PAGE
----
- Prime Minister Scott Morrison spoke to UK Prime Minister Boris Johnson about this
- On the question of doubt on China, Morrison said – they are not openly accusing anyone
Jun 19, 2020, 08:57 AM IST
Melbourne There has been a major cyber attack on Australia's government and private sector. It is being told that a country is behind this. China is also being doubted. However, Prime Minister Scott Morrison has refused to name any country. He clarified that till now no major data theft has been revealed in the investigation.
Morrison told the media in Canberra on Friday that the attack was being carried out on all sectors, including government, industry, political organizations, education, health and essential services. He also said that this is not a new thing, but in the last few months they have gained momentum.
The way that there is a country behind it
Morrison said, “We know that this is an attack by a country, the way it proves it. The Australian government is conscious of this and is also warning. “He said that Australia is working on this threat with close allies and partners.”
Giving information so that people are aware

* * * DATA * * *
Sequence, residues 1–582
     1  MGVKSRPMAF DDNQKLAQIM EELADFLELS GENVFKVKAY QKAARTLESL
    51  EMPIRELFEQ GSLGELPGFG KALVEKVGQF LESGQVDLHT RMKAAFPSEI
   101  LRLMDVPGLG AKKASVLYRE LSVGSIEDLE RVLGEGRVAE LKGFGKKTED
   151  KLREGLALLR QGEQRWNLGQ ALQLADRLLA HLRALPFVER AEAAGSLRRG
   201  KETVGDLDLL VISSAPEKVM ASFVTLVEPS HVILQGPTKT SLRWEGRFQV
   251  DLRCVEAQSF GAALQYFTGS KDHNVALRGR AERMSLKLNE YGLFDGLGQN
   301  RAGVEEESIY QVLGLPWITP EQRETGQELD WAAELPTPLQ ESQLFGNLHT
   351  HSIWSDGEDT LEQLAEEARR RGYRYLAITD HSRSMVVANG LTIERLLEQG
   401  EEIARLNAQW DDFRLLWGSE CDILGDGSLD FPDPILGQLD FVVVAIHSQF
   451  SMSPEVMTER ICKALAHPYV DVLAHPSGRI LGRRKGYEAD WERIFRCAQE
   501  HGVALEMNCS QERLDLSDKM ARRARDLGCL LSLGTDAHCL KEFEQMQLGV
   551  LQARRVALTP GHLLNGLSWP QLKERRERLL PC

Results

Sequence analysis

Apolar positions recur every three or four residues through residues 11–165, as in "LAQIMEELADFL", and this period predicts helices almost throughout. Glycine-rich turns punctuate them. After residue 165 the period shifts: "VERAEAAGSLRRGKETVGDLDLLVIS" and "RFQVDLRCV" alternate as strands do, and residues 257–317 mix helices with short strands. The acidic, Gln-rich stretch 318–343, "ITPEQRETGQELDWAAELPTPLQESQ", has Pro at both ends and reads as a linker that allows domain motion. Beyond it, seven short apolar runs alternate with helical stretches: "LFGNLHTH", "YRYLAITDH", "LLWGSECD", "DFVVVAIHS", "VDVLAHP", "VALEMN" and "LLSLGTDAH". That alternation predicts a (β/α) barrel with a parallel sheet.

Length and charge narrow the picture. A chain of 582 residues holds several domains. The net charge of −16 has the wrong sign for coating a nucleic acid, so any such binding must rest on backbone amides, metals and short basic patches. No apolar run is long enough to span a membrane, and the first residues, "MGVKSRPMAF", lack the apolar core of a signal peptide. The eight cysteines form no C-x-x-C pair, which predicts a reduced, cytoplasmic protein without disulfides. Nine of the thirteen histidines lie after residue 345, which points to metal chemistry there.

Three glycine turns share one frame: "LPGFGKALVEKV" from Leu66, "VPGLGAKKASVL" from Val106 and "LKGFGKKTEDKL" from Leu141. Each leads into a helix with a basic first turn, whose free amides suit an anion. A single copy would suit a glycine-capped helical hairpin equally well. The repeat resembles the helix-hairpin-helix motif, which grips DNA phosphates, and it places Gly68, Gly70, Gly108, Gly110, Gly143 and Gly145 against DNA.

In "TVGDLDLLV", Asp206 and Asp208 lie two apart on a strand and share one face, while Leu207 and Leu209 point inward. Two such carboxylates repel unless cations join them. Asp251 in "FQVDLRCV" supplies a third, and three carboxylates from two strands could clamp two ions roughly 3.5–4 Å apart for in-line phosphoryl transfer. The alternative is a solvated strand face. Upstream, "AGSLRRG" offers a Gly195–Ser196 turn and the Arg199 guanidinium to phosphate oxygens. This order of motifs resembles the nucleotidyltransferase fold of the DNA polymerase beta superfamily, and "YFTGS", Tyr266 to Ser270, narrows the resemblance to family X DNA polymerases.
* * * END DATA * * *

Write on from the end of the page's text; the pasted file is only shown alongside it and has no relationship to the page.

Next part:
Morrison said that he is not expressing concern about this by speaking openly, but rather for awareness. He said that the institutions, especially those connected with basic health needs and essential services, are being encouraged. They are being asked to take measures to protect their technology.
China-Australia has been in conflict for a long time
Doubt is being raised on China behind this cyber attack because its relations with Australia have not been doing well for a long time. China calls it the hanger of America. Australia is in favor of conducting an investigation into the spread of coronavirus and suspects China.
Australian ambassador targeted China last month
Australia's High Commissioner in India, Barry O'Farrell, said last month that after World War II, there were some rules that India and Australia are following, but not China. He said that China is trying to change the current situation in the South China Sea in a unilateral manner, which is not in accordance with the consensus on the issue.